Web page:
In the very next chapter, Zuk discusses the poster child of human evolution – the ability of cattle-herding populations to digest milk as adults. Not only is this example a jolly good bit of evidence for rapid, culturally imposed (you could say self-inflicted) human evolution, it also gives Zuk the chance to explain some tricky methodology with admirable clarity and simplicity. And it will give readers a good idea of just how biologists work, from collecting the blood and spit of people around the world to the logic underlying computer tests.

Peppered throughout the book are not just pictures of how science is done, but also an affectionate but perceptive portrayal of scientists as people. Starting with her own delightfully distinctive, no-nonsense style, wry humour and sensible brand of feminism, Zuk is superb and showing how every scientist has his or her own (often enchanting) biases and mannerisms. She lets slip that Linnaeus, father of modern biological classification, decided to name the main plant groups according to the numbers of husbands or wives each plant had. Similarly, the Grants, who measured natural selection in action on Darwin’s finches in the Galapagos come alive in her anecdote about their group meeting on returning from the field after a massive El Nino changed the landscape dramatically from brown and barren to a verdant paradise. The Grants and their students could barely contain themselves at the sight of photos, excitedly remarking upon every tree, resplendent in unaccustomed greenery. In contrast, Zuk, then a student from a different lab, found this so tedious she had to slip out. That anecdote and many others, captures both the thrilling and the mundane in science, practised by subjective scientists. For a superb book on the Grants' work, I highly recommend The Beak of the Finch.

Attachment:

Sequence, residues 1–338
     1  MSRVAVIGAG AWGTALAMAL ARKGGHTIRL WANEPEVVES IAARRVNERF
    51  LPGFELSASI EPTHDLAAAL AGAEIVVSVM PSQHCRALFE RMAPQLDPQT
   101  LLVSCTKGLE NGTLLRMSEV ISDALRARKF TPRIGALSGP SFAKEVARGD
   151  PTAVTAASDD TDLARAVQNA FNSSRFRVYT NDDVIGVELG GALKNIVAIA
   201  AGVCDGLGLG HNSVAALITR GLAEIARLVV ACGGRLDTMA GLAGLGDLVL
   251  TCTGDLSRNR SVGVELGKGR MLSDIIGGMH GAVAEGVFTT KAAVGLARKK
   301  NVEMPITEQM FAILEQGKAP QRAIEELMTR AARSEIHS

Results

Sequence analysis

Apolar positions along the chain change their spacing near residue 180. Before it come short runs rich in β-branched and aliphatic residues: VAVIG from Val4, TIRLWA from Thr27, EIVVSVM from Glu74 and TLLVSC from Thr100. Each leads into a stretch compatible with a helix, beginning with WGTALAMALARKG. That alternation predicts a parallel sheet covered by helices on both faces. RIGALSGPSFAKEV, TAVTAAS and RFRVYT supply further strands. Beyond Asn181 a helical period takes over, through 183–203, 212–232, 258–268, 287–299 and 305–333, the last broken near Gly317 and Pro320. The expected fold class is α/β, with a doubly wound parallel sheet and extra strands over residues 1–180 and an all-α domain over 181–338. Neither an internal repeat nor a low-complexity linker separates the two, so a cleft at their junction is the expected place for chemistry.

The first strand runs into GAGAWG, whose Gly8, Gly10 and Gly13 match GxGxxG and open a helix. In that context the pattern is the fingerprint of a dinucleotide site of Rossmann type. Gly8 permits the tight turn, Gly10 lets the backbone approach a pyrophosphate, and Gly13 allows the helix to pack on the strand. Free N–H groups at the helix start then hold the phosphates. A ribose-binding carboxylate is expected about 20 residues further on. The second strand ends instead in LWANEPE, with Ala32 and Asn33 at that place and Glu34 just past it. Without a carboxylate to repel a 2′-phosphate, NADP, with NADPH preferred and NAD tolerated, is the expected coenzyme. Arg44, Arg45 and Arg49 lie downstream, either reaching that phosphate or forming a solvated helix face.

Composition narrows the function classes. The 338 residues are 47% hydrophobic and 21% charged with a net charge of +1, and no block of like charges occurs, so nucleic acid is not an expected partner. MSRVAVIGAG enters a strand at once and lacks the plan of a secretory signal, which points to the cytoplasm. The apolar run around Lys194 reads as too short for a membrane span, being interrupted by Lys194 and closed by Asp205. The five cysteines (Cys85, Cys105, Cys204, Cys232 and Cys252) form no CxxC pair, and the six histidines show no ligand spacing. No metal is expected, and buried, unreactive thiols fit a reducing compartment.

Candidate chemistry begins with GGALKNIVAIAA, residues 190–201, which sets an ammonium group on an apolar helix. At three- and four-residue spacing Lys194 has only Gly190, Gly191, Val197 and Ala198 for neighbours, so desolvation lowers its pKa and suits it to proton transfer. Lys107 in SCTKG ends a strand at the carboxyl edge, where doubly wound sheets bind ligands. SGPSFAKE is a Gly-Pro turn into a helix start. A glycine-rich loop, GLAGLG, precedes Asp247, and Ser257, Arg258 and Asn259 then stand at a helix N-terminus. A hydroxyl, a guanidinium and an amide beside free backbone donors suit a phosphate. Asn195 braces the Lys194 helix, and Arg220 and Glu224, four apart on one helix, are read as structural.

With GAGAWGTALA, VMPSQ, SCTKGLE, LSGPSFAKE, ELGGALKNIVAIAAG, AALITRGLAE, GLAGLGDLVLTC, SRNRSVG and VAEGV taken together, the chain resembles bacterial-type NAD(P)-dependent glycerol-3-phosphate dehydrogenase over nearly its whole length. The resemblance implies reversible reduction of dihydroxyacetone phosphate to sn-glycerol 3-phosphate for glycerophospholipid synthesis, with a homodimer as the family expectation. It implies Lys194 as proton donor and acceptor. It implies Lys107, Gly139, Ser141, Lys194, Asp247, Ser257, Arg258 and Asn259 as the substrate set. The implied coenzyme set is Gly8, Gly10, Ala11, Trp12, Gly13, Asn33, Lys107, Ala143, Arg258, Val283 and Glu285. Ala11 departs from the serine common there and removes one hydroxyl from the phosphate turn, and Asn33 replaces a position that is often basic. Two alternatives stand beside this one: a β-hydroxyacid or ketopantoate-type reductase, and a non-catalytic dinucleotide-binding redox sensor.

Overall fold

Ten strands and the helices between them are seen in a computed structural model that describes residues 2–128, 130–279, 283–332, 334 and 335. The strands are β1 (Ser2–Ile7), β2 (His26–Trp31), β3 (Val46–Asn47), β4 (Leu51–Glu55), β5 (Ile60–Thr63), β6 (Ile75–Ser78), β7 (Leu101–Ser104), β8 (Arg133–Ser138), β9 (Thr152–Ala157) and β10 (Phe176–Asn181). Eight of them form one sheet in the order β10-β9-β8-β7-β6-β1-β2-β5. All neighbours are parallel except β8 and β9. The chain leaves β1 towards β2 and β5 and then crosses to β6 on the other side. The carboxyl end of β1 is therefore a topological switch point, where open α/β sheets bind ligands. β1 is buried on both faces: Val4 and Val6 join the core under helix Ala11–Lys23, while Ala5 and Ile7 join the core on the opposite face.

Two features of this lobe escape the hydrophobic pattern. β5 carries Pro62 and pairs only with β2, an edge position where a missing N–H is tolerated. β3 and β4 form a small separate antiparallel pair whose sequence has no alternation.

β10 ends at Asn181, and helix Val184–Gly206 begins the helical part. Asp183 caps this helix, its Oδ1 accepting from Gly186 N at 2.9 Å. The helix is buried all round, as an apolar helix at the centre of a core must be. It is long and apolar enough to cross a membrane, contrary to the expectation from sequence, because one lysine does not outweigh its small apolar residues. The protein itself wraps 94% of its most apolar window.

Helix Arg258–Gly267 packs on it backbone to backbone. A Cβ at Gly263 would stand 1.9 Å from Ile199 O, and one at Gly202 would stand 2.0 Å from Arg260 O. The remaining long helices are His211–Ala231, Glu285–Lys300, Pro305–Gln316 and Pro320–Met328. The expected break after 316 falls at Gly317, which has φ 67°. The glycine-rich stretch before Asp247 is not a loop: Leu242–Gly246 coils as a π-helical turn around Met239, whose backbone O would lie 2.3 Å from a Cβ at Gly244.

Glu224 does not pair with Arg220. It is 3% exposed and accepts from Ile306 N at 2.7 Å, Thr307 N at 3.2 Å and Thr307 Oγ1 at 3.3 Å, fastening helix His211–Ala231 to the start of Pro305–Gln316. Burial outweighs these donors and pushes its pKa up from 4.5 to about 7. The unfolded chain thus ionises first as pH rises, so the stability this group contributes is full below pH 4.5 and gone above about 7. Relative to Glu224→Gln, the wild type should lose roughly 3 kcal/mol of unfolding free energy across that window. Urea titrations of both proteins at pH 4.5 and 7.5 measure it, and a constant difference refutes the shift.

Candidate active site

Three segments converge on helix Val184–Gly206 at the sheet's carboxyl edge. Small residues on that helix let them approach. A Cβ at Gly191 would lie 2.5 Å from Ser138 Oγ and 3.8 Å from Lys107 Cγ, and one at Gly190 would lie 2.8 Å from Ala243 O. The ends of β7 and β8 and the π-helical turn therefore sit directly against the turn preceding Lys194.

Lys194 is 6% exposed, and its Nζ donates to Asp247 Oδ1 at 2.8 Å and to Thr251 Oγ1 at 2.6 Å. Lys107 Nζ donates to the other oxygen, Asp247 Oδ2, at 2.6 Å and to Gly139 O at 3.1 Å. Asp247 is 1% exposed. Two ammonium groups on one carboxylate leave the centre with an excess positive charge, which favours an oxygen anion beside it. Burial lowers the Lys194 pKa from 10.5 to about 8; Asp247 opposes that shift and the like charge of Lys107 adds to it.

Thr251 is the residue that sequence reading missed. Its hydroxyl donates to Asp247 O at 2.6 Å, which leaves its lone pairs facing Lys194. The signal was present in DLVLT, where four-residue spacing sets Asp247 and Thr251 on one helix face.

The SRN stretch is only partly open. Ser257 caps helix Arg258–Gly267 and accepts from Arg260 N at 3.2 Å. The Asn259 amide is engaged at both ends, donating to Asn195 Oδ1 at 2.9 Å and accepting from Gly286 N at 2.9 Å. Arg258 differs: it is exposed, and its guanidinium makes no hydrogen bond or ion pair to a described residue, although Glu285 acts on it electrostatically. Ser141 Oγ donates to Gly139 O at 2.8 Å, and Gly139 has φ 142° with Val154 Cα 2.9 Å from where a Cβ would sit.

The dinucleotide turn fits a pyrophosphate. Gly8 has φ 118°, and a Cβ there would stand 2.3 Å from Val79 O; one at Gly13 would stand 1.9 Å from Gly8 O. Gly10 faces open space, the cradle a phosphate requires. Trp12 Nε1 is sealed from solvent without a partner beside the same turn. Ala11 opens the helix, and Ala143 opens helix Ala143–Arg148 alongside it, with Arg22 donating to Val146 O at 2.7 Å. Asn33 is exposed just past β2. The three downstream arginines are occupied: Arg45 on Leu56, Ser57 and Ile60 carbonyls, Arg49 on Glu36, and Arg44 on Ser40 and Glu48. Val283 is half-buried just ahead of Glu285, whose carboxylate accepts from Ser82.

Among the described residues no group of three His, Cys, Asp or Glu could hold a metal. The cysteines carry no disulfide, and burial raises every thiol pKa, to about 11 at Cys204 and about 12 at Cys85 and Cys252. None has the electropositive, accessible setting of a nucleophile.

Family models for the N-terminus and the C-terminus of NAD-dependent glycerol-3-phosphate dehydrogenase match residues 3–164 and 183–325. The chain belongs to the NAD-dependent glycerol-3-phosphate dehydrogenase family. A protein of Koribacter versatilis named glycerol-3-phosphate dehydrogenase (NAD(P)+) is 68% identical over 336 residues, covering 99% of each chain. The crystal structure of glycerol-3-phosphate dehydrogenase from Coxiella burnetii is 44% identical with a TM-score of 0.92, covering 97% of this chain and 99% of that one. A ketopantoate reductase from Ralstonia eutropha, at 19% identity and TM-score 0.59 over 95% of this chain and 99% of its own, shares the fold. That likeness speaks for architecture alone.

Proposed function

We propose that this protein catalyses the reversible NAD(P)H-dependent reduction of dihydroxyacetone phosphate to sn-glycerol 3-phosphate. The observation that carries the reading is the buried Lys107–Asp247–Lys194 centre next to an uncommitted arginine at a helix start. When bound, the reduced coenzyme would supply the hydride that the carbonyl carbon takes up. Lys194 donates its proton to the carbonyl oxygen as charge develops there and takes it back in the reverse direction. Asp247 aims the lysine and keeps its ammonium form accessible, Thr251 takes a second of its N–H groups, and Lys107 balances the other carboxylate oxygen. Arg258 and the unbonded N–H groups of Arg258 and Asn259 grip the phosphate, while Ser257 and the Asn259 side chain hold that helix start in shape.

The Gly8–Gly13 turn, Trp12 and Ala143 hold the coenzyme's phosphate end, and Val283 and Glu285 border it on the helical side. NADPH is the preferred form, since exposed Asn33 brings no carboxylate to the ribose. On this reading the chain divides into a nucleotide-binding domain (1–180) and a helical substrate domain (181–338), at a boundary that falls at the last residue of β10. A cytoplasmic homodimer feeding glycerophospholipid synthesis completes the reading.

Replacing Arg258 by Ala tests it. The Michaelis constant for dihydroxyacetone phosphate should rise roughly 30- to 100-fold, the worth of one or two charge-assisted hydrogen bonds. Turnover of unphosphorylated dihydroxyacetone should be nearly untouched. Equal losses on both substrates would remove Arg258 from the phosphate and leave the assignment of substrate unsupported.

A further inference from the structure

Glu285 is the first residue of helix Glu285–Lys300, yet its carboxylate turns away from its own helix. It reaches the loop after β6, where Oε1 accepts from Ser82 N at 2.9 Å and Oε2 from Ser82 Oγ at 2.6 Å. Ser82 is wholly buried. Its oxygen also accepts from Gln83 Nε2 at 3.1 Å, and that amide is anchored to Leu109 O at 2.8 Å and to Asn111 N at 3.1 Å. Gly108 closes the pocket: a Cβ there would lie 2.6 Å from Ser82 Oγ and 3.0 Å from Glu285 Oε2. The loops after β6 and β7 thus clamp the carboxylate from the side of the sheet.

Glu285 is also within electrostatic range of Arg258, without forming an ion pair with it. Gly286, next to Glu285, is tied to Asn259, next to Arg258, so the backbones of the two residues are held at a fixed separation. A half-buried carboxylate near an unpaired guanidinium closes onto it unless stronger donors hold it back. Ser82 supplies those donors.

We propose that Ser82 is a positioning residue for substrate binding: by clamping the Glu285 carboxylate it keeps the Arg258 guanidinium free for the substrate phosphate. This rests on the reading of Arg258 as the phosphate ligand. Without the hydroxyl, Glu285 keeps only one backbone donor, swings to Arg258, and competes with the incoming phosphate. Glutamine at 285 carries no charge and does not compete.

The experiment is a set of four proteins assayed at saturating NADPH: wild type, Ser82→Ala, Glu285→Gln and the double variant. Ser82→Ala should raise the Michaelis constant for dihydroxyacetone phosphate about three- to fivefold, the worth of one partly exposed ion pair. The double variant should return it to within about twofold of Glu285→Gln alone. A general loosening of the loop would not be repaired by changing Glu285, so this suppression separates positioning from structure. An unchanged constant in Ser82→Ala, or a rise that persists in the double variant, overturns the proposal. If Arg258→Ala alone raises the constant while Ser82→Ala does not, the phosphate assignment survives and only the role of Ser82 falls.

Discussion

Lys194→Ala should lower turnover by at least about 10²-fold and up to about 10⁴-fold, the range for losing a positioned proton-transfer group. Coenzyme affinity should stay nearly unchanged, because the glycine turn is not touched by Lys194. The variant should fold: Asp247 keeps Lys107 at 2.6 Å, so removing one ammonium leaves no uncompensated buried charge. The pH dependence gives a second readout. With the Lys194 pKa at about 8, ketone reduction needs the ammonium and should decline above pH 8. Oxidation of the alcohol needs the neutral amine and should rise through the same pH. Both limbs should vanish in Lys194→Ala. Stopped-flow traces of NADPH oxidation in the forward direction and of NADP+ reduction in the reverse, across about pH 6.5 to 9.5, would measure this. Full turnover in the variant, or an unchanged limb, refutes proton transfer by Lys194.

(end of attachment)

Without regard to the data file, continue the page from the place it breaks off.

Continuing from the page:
Paleofantasy doesn’t simply showcase instances of evolution by natural selection as demonstrated by Darwin’s finches. Zuk deals directly with the fact that evolution is simply defined as change, and so can occur in different ways, of which selection, whether natural or human is merely one. For those who might want reassurance that this is indeed a good introduction of evolutionary theory, Zuk explains concepts like drift, the role of contingency and history in evolution, adaptive landscapes, arms races and the ideas that evolution is a tinkerer. If these phrases are Greek to you, read the book. She also puts to rest the notion that evolution is in anyway directed, or that any living thing today could be “more evolved” or superior to any other living thing, since they have all been evolving for equally long. 

The only aspect of evolution I would have liked to see more of in this marvellous book is conflict. Perhaps this is because Zuk didn’t wish to put off people with a rosier view of human nature, but as we’ve established, nothing in evolution prescribes or justifies our moral choices. She does present the intriguing notion that humans have an unusually extended childhood as a way for parents to have a lot of relatively cheap labour. However her chapter on family remains relatively silent on the converse scenario in parent-offspring conflict, where children can be thought of as little machines for manipulating parents into caring more for them than for their current or potential siblings.